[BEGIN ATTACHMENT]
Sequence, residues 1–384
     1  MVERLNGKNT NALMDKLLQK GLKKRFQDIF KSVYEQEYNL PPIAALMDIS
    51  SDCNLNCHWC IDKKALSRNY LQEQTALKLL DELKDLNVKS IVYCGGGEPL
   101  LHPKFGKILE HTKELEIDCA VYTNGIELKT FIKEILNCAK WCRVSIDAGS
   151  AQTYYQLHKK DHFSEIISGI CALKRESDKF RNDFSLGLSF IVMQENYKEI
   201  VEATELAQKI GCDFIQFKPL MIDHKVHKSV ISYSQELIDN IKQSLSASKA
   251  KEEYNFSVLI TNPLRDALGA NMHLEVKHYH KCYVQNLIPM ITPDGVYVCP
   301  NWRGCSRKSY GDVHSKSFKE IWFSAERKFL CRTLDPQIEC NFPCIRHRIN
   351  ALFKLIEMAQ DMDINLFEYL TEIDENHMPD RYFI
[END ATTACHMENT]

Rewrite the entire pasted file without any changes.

Sequence, residues 1–384
     1  MVERLNGKNT NALMDKLLQK GLKKRFQDIF KSVYEQEYNL PPIAALMDIS
    51  SDCNLNCHWC IDKKALSRNY LQEQTALKLL DELKDLNVKS IVYCGGGEPL
   101  LHPKFGKILE HTKELEIDCA VYTNGIELKT FIKEILNCAK WCRVSIDAGS
   151  AQTYYQLHKK DHFSEIISGI CALKRESDKF RNDFSLGLSF IVMQENYKEI
   201  VEATELAQKI GCDFIQFKPL MIDHKVHKSV ISYSQELIDN IKQSLSASKA
   251  KEEYNFSVLI TNPLRDALGA NMHLEVKHYH KCYVQNLIPM ITPDGVYVCP
   301  NWRGCSRKSY GDVHSKSFKE IWFSAERKFL CRTLDPQIEC NFPCIRHRIN
   351  ALFKLIEMAQ DMDINLFEYL TEIDENHMPD RYFI